I have a few pieces of advice for future Info Gathering students. First, If you are a person who doesn’t like making phone calls, write out a script of what you are going to say. It helps make the call less stressful. Second, students should take it seriously when the professors say to schedule interviews far in advance. I tried to do this, but still ended up taking an extension on my policymaker assignment. Third, double-checking everything on your assignment is important and not doing so could cost you. Double-checking your references, table of contents, and other organizational elements on your 8 annotations and completed annotations takes way longer than expected, so do not leave it until the night before or the morning it is due. I spent the whole last night before my complete annotations were due looking over the assignment. On my complete annotations I made sure each source was in the main paper and annotations and that each annotation had five complete sections. On my previous assignment of 8 complete annotations I ran out of checking time because I had to study for an exam, and I ended up leaving out a strength and weaknesses section for one annotation. I simply did not have enough time to study and finish checking my paper, but in most instances there is enough time to do so if you manage your time properly. I would say that time management gets increasingly important as the semester goes on and the assignments get longer.

I would like to thank my instructors for all the work they put into teaching us and giving us feedback on our papers. My interviewers were also a big help, and I thank them all for taking the time to talk to me.  I would also like to thank my roommate for making me food all the time when I was busy working on my assignments for this class. Lastly, I would like to thank my fellow Info Gathering classmates for making the class enjoyable even though we were all stressed.

Overall, I would say that most of the time Info Gathering was not as scary and stressful as previous students claimed it would be. However, I can see how it would be an overly difficult class for student athletes who also have to deal with going to practice and competitions. If I were a student athlete, I know that I would have had a much harder time with the class and I would not have done as well. There were definitely a few times throughout the semester that I got overly stressed, but the rest of the time it was just a mild stress that pushed me to work harder. The class was a lot of work but I gained many new skills that made it worthwhile.

Abstract

This paper examines whether Legislators should approve a carbon pricing policy for Oregon. It first looks at the impacts of climate change and then looks at existing carbon pricing policies in the United States and beyond to give context, including the Regional Greenhouse Gas Initiative and the Western Climate Initiative. It compares carbon taxes and cap-and-trade programs and their issues and benefits.This paper sheds light on why the process of creating a carbon pricing policy is so complicated, which is mainly because of politics and conflicting opinions. The paper addresses the views of climate change skeptics as well as alternate ways to mitigate climate change. These alternate ways are regulations, renewable energy sources and behavioral changes. The paper concludes that it would be environmentally beneficial and economically possible for Oregon to implement a carbon pricing policy. However, carbon pricing policies are only a part of the bigger picture and other measures need to be taken in addition to help counteract climate change, such as switching to renewable energy sources.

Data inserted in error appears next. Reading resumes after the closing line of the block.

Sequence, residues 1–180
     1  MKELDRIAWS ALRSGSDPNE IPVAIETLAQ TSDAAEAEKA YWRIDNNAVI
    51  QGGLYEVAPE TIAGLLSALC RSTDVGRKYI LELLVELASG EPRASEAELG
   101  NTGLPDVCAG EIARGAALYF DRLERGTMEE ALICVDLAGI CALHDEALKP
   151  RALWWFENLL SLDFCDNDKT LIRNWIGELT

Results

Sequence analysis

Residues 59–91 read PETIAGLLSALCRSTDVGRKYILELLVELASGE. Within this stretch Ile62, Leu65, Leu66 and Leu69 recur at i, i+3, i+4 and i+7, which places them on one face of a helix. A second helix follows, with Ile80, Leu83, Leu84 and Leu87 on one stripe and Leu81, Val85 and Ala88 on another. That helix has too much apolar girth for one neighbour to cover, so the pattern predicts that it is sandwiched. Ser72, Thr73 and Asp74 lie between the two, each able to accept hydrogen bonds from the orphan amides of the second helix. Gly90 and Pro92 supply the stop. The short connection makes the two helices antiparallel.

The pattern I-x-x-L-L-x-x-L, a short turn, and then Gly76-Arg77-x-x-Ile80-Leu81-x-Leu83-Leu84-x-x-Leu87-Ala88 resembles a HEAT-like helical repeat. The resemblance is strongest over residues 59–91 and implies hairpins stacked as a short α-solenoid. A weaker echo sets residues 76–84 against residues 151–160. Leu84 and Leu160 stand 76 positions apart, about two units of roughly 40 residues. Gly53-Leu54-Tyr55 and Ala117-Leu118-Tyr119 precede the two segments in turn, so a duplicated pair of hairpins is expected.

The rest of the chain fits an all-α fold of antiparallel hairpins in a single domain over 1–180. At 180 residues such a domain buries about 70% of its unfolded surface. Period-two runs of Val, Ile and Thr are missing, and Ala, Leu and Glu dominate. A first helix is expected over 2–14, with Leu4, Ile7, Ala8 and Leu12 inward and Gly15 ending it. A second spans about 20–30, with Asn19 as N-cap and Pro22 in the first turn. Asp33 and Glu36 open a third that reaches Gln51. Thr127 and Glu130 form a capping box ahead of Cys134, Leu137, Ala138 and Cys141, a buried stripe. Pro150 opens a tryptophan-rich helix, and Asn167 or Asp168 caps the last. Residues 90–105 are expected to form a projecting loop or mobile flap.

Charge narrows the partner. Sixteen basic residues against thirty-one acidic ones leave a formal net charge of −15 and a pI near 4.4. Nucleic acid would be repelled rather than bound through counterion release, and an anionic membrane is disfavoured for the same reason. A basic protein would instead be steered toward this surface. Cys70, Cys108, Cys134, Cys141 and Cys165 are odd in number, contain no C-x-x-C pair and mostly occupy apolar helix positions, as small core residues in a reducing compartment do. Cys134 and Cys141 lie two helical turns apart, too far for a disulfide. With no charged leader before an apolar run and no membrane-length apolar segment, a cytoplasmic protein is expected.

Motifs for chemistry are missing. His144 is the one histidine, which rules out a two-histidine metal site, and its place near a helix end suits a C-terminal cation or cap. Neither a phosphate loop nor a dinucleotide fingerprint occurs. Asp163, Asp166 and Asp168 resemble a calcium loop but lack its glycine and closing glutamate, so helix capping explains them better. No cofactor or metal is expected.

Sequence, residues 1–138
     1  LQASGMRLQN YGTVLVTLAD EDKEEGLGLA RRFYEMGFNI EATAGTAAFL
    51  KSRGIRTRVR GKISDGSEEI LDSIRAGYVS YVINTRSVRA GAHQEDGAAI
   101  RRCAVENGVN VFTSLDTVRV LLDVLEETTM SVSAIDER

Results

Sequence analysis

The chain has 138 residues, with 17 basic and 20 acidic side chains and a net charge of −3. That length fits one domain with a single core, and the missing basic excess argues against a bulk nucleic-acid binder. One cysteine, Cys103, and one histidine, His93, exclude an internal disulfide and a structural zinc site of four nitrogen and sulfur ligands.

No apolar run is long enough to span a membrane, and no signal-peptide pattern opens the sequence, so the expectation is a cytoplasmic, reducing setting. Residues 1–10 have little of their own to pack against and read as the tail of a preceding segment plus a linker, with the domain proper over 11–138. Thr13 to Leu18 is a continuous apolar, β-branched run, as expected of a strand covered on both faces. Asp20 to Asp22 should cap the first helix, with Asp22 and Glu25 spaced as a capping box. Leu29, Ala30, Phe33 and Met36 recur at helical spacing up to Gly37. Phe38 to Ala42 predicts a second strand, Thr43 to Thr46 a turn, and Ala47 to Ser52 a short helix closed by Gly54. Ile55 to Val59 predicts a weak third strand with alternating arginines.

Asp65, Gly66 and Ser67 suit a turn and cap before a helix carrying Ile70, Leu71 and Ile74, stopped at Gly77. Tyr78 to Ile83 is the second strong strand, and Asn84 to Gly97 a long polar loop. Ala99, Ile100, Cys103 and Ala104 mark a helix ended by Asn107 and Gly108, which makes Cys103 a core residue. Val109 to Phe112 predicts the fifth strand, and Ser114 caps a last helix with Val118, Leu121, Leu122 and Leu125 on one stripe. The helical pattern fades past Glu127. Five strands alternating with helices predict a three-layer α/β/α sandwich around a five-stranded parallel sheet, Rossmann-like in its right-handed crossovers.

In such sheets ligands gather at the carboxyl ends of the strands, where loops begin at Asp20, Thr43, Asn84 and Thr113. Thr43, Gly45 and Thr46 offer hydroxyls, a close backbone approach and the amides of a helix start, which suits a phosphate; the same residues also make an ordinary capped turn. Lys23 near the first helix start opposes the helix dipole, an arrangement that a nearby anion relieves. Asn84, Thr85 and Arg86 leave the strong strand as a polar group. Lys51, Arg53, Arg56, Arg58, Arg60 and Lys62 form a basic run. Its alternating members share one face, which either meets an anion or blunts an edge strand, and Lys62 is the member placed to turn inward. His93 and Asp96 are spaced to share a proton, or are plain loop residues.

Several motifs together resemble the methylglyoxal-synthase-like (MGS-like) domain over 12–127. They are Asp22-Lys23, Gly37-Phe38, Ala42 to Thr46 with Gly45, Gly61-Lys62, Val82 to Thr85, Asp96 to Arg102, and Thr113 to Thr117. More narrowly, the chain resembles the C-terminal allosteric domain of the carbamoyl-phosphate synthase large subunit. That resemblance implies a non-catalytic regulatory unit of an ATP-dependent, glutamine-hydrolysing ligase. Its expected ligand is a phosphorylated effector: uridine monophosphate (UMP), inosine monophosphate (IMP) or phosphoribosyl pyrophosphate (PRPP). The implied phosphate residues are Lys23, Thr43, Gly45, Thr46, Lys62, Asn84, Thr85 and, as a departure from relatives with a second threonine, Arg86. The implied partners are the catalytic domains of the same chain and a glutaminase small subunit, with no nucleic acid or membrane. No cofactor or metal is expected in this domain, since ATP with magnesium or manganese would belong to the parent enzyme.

Introduction

In the last century temperatures have risen and the planet has been warming at an above average rate. This change in climate is predominantly human-caused and is the result of an increase in greenhouse gases (mainly carbon dioxide) that are released into the atmosphere (Hansen et al., 2013, p. 2). If humans and companies continue to emit high levels of carbon dioxide the consequences for the planet and everyone living on it will be significant. According to the group Salem 350 (2017), 350 parts per million is the number that scientists say is the safe maximum for carbon dioxide in the atmosphere. The number is higher and the group’s goal is to bring it down to safe levels. Limiting carbon emissions either through economic incentives such as carbon pricing policies or through regulatory measures can help to counteract the effects of climate change. Carbon pricing is a key policy for reducing emissions by putting a price on pollution (Tamiotti et al., 2009, p. 17). Nicholson (2009) explains that carbon emissions cost society economically through environmental damage (p. 133). He says that without a carbon pricing mechanism, this cost of environmental damage will not be reflected in goods and services that were produced using emissions intensive processes. Therefore, measures need to be taken to “ensure [that] businesses and consumers factor in the impact of environmental damage when they make production and consumption decisions (Nicholson, p. 133). Carbon pricing policies can be implemented at state-level or nationwide, or they can be regional.